Blighted ash trees bring cost, hazards in Connecticut
Years of attack by an invasive beetle species have decimated Connecticut’s population of ash trees, endangering power lines and roadways and stretching towns’ budgets as they attempt to remove potential hazards.
The iridescent green emerald ash borer beetle is believed to have come from Asia through Canada to the U.S. about 20 years ago, and into Connecticut about 10 years ago. Experts say millions of the trees are now dead or dying.
“It’s fair to say that all ash trees will succumb, in pockets more dramatically than others,” State Forester Chris Martin told The Republican-American.
Removing a dead ash tree from private property can cost between $400 and $1,200, and decisions about who is responsible for tree removal are made in consultation with local tree wardens.
Martin said many towns apply leftover money earmarked for snow removal for tree removal. Falling trees have killed two people in the state in recent years.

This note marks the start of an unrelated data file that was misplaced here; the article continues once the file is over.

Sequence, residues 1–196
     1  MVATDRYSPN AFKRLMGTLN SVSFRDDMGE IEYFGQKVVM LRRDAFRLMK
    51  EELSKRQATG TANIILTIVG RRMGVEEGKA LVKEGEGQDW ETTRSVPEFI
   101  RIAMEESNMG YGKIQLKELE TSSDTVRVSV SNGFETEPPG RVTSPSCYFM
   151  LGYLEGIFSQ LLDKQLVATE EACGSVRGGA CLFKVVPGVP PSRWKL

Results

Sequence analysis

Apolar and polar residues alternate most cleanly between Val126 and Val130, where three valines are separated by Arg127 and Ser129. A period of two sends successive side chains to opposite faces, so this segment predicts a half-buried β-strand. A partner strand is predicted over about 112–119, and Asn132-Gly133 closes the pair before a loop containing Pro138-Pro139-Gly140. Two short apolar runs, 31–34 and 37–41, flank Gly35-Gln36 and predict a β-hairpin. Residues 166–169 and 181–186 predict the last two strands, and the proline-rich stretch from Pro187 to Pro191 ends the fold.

“Some weeks we get bills for $12,000 or $8,000. It’s costing the town a lot of money,” Goshen First Selectman Todd Carusillo told the newspaper.
Eversource has a $33 million budget for tree removal in 149 towns along 16000 miles (25,750 kilometers) of roads. Sean Redding, the utility's manager of vegetation, told the newspaper that most trees in western Connecticut have already been affected and have been removed or fallen down on their own without risk to overhead lines or motorists.
There is hope for the trees: Scientists are conducting tests on whether another species of Asian beetle that feeds on emerald ash larvae is safe.